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Work of world-famous botanical illustrator Francesca Anderson now part of art collection at Carnegie Mellon’s Hunt Institute

April 13, 2023 Brooklyn Eagle Staff
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Francesca Anderson. Click photo for Anderson’s website.

Francesca Anderson spent most of her productive life as a botanical illustrator while she was based in Brooklyn. Indeed, she remains a trustee of the Brooklyn Botanic Garden and is the founder of the Brooklyn Botanic Garden Florilegium Society, as well as a fellow of the internationally known Linnean Society. Having received two gold medals from the Royal Horticultural Society in London, she remains one of the world’s foremost botanical artists specializing in pen-and-ink drawings. She has been the subject of more than 20 solo shows and 60 group shows covering botanical art in the United States and abroad. And, she has illustrated numerous botanical books and journals.

Now, from her hometown of Pittsburgh, comes news that her work is part of the collection at the Hunt Institute for Botanical Documentation at Carnegie Mellon University.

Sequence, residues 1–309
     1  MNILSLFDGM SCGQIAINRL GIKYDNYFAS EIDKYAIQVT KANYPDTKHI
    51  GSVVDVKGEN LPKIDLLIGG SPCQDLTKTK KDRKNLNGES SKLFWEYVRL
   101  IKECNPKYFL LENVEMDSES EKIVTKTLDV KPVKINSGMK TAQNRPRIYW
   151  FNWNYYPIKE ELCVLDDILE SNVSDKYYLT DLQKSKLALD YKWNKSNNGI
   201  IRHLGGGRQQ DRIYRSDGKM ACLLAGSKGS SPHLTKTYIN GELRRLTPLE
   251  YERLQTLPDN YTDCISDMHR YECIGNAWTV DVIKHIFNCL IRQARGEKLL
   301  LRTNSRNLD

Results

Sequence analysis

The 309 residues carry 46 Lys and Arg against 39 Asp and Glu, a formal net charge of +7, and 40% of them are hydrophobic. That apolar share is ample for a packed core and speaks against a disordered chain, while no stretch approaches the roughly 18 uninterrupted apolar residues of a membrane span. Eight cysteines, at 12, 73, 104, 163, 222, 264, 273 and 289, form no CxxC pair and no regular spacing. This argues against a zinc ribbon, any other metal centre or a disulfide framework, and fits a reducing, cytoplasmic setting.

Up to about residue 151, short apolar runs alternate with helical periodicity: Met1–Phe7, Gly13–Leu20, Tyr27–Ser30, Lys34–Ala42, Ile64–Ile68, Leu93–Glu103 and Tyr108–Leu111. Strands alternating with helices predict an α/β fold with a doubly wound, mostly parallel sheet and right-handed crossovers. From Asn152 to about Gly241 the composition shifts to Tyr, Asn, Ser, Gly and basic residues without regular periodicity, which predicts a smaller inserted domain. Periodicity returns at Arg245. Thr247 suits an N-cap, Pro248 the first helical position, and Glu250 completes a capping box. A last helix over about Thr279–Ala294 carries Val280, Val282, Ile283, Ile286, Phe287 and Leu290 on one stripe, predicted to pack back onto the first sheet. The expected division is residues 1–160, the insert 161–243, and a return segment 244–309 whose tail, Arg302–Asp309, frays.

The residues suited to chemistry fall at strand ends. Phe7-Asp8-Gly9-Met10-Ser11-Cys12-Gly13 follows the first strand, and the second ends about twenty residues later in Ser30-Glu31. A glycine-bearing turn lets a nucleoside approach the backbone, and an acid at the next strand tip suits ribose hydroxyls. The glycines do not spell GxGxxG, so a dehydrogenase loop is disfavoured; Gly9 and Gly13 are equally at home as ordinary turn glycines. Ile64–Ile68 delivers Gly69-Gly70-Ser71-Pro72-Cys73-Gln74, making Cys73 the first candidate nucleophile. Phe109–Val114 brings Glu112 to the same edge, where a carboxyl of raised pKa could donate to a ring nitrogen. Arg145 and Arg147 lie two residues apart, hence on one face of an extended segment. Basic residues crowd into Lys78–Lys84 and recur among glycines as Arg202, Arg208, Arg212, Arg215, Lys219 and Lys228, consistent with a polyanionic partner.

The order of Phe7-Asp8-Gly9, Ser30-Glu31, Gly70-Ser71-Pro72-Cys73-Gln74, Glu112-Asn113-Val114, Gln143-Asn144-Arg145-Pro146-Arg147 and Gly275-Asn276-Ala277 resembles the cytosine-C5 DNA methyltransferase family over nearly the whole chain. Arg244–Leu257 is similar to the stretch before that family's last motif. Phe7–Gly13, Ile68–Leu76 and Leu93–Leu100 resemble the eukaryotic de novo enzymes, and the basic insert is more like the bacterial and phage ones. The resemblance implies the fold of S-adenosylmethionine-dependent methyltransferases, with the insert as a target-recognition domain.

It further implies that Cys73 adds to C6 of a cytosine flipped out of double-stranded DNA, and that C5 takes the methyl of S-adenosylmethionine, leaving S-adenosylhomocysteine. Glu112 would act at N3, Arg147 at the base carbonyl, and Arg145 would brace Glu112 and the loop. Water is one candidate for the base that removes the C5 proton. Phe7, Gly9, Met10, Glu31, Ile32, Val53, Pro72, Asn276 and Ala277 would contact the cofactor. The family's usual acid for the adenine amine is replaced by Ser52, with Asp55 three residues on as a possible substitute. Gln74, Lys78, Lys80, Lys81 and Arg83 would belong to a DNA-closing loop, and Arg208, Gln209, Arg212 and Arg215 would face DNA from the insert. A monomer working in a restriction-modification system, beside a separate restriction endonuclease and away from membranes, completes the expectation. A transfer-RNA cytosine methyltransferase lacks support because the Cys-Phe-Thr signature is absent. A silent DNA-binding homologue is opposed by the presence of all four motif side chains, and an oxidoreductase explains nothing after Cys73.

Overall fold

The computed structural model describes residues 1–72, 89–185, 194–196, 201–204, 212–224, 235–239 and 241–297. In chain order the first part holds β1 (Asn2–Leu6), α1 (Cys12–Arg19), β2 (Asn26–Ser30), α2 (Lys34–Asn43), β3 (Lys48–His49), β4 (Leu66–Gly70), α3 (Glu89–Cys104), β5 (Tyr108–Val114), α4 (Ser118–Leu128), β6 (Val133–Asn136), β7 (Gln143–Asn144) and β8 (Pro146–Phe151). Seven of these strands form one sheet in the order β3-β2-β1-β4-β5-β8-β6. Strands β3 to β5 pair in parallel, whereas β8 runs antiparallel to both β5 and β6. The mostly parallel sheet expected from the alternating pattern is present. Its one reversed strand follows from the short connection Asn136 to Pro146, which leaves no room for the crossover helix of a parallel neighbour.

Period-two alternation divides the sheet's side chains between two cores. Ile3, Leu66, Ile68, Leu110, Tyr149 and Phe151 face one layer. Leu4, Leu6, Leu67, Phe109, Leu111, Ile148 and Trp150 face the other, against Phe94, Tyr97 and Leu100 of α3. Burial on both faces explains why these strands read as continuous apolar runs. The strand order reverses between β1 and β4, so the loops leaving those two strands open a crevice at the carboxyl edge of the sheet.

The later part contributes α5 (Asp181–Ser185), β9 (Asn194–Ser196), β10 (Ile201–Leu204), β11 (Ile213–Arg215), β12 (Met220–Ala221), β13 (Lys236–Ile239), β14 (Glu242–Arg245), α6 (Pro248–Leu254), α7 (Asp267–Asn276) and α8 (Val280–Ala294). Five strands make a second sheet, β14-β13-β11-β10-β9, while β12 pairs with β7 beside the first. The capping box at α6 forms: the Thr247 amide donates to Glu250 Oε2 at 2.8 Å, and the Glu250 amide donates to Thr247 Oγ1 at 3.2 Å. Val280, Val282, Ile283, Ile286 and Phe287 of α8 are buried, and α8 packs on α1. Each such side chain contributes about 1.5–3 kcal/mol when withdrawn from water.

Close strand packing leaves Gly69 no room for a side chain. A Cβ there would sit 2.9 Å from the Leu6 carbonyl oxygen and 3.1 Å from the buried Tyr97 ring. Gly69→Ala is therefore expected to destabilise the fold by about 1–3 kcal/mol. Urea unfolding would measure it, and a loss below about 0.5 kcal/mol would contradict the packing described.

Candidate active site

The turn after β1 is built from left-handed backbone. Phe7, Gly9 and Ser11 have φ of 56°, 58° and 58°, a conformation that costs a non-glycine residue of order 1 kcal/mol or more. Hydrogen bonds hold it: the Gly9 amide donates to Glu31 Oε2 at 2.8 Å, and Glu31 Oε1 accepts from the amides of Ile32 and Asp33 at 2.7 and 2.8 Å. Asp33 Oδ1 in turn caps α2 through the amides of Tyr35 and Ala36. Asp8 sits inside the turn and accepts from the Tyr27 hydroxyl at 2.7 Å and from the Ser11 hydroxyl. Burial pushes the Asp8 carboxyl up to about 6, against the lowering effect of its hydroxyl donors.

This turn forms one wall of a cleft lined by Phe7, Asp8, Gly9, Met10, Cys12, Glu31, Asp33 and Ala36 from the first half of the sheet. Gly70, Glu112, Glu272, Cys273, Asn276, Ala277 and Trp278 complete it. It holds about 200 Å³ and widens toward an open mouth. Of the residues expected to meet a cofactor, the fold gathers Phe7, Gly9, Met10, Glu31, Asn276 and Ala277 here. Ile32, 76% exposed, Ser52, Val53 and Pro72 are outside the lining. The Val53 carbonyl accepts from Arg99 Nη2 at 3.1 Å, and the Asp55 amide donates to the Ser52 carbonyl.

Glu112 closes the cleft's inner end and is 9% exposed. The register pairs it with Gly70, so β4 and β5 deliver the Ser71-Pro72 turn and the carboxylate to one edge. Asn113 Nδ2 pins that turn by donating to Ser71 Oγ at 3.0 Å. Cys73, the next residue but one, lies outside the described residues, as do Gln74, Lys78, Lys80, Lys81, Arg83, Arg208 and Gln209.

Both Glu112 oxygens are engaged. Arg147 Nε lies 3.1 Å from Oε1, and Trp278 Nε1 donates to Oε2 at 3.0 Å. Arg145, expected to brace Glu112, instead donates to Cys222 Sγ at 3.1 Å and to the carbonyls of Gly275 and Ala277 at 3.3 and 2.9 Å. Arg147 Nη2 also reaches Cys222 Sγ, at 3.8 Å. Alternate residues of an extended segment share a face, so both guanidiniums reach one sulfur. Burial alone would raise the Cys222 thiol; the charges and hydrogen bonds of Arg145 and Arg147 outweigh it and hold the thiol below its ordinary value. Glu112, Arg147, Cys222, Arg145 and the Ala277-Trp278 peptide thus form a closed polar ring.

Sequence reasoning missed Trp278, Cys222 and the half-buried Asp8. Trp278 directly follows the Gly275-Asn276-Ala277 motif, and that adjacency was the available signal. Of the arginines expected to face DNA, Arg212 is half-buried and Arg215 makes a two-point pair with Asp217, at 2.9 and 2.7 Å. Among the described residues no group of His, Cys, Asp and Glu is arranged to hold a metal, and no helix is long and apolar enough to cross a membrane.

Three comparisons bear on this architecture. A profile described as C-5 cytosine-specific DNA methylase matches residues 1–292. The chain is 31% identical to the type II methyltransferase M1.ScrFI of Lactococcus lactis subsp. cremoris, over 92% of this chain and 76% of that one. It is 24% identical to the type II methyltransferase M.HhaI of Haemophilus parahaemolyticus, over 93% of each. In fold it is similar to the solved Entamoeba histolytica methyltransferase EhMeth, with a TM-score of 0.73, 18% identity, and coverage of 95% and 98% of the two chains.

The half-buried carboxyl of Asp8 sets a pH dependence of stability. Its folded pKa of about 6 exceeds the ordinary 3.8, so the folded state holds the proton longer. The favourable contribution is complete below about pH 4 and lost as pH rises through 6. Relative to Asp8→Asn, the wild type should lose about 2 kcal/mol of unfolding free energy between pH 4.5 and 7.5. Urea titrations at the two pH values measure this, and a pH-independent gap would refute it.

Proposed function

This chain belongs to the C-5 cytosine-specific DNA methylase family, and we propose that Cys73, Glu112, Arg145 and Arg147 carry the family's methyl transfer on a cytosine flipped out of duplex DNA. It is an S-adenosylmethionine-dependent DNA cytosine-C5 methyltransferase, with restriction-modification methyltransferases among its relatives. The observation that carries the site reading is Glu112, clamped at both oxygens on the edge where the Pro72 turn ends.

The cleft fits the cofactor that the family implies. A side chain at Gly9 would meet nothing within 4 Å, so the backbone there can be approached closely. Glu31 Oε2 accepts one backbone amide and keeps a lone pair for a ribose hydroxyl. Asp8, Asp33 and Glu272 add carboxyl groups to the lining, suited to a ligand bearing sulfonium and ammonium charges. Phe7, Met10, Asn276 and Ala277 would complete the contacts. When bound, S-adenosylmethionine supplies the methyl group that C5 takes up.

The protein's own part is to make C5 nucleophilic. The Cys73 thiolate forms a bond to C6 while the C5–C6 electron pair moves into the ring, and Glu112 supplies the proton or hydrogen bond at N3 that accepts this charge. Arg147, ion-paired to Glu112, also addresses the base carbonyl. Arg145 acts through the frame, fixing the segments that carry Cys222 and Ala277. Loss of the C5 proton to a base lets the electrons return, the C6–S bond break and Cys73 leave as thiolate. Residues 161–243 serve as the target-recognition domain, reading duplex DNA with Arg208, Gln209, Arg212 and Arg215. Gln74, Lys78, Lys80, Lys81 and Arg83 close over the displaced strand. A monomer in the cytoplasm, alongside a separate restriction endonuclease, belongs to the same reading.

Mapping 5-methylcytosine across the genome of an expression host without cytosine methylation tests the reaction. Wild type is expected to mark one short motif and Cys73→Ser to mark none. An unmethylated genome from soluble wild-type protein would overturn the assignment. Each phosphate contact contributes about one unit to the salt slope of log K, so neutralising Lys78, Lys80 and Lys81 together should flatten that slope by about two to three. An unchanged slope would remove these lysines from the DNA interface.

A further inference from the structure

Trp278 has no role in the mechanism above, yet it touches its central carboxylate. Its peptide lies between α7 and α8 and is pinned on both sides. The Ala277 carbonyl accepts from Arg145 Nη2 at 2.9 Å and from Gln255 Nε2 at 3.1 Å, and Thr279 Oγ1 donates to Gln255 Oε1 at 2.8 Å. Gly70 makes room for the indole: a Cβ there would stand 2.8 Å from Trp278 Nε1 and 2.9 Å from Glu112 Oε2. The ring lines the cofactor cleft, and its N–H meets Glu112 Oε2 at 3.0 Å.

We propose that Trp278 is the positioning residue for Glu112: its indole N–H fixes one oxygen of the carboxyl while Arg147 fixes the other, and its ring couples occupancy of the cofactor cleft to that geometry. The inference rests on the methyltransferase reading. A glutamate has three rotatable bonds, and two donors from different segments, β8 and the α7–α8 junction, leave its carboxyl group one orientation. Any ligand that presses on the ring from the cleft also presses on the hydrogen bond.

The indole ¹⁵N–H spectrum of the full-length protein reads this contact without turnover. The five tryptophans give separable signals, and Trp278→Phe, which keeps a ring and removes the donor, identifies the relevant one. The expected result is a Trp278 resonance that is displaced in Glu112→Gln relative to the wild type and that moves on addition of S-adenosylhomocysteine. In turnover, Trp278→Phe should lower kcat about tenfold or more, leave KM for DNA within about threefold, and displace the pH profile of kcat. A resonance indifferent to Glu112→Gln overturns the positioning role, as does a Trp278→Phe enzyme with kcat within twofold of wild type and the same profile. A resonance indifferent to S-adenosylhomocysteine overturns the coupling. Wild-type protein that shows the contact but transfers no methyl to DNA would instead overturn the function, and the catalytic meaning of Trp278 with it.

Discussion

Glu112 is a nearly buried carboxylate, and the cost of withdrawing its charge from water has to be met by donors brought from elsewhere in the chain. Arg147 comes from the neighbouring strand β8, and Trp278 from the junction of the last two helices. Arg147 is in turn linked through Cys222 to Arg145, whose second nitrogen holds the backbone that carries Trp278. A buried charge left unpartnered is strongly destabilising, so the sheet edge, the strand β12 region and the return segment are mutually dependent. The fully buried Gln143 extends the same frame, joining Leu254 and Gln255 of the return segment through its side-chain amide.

Lily of the Valley with Worm [Convallaria Linnaeus, Asparagaceae], pen-and-ink on paper by Francesca Anderson, 73.7 × 58.7 cm, HI Art accession no. 8550.11, courtesy of Hunt Institute for Botanical Documentation, Carnegie Mellon University, Pittsburgh, PA.
Proudly hosting Anderson’s return to Pittsburgh, the Hunt Institute held a special ceremony and reception recently, welcoming Anderson’s artwork as part of their recent acquisitions. As noted on their website, “…this exhibition features major gifts by Francesca Anderson, Patricia Margaret Calhoun Rennie and John Wilkinson. The three artists are in our International Exhibition of Botanical Art & Illustration series, and the donated artworks include pieces created before the Institute was founded through 2022.”In June 2021, Francesca Anderson donated 24 of her quill pen-and-ink drawings on Strathmore paper that were created between 1989 and 1993. The subjects include bulb plants, such as species of tulips and crocus, narcissus, lily of the valley, pineapple lily and 12 amaryllises. Included in the group of amaryllis are 6 of the 8 pen-and-ink drawings exhibited and awarded a gold medal by the Royal Horticultural Society, 24–25 January 1995. Anderson’s drawing of globe cabbage was included in the Hunt Institute’s 7th International Exhibition of Botanical Art & Illustration (1992).Now a resident of Florida, Anderson travels to many parts of the world to showcase her award-winning botanical illustrations. But she still considers her time in Brooklyn as one of the most productive periods in her life.

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“All the incredible opportunites I have been given, starting with college, I have received in New York State and Brooklyn,” Anderson told the Eagle. “There is no where else on earth with the resources, energy and talent. Although my home these last years is now 1500 miles away, I am so very grateful for my years as a proud citizen of Brooklyn.”

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